Top Menu

Tag Archives | Fractured Atlas

You Want To Do Better, But Aren’t Sure How

A week ago I wrapped up my final post about the arts entrepreneurship training programs being developed in colleges and universities by pointing out that there was still the unmet need of artists who had already embarked on their careers.

I think the challenge faced by artists is summed up pretty well in the comments section of an article in The Guardian titled “Creating wealth: how artists can become inventive entrepreneurs”

Here is screenshot of the comments:

guardian snip

While there is a constant refrain that artists and arts organizations need to handle themselves in a more business-like manner, there aren’t a lot of sources of information and training that is tailored to the needs of creatives.

Wendy McLean’s comment is a reaction to the fact the story was framed as coming from members of the Guardian’s Small Business Network group, but when she went to sign up, the questions asked gave the impression it wasn’t really suited to her at all.

As the second commenter OddBodkin points out, any time you spend trying to distill lessons from generic information sources in order to discern what might be applicable to your situation, that is time you aren’t spending on your core creative focus.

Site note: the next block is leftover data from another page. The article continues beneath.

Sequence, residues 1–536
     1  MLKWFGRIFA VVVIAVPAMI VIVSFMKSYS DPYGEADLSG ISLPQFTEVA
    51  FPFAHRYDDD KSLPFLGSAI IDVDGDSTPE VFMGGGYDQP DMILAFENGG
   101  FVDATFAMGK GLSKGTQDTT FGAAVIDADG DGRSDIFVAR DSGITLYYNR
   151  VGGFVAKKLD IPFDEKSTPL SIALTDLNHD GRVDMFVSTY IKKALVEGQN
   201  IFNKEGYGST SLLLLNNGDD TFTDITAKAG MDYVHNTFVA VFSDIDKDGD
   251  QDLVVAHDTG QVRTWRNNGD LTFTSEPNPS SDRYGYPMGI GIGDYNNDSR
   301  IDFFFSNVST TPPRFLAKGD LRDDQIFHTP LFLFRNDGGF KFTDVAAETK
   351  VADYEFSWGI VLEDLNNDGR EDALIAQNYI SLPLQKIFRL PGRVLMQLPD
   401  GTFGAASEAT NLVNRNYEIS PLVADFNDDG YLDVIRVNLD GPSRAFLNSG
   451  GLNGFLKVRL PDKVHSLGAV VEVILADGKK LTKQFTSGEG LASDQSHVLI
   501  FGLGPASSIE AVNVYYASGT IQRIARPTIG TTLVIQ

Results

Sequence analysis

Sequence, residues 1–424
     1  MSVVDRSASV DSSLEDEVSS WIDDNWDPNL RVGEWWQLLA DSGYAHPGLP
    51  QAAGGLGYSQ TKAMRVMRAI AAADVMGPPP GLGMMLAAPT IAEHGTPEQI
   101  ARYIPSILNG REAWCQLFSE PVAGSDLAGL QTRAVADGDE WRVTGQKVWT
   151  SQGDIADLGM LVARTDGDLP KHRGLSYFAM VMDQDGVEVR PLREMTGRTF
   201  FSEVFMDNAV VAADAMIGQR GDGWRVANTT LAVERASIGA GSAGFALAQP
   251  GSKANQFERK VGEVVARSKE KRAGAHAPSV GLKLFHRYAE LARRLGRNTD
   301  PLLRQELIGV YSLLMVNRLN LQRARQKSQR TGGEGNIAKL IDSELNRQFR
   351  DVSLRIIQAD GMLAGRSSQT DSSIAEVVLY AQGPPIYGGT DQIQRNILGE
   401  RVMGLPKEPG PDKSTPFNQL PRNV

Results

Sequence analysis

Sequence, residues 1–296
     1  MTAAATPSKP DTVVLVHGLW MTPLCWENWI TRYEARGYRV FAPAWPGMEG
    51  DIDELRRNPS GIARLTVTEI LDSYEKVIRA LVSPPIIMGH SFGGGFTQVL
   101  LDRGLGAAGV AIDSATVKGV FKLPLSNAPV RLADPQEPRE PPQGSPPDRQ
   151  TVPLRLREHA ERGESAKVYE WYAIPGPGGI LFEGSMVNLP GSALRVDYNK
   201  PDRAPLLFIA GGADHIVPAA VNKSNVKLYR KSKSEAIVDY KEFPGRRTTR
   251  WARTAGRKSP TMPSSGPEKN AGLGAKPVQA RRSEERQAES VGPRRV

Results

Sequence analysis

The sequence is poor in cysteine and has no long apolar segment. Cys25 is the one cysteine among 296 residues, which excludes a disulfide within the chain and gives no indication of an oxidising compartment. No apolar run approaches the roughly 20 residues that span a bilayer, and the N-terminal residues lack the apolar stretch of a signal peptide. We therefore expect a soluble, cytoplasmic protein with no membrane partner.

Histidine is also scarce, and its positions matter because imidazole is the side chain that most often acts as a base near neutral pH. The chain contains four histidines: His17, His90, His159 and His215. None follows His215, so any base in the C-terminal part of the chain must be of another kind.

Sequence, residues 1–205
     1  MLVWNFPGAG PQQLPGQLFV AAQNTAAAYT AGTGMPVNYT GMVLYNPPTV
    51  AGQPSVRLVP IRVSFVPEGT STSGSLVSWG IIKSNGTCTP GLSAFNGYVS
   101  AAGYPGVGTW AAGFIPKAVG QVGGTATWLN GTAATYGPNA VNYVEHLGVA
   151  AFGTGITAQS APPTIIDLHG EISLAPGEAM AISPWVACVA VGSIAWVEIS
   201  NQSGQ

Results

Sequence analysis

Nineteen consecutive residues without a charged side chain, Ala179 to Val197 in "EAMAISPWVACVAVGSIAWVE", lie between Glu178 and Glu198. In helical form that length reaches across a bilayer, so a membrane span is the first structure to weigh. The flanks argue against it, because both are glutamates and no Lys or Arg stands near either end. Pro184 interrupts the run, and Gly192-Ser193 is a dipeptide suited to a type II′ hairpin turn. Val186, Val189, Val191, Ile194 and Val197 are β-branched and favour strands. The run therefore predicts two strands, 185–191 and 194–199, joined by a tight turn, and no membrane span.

It can be difficult to create a training program that is suited to artists. A regular schedule of classes may not work well for people with varying rehearsal and performance commitments that have them traveling all over a region or for artists who get so focused on creating they don’t look up until 11:00 pm.

Online resources that one can consult at their own pace can be very helpful, but guidance and clarification from a live person is just as valuable. Networks of colleagues can solve this problem, but frequently you simply don’t know what you don’t know.

I don’t have any clear cut solutions to suggest. You know I will share them when I find them.

There are good resources like Fractured Atlas that are revved and ready to help creative folks develop their careers.

I also want to put a plug in for ArtsHacker. (As you may know I am a contributor there.) While the site offers tips generated by the writers, it also solicits questions and problems readers for which readers would like solutions.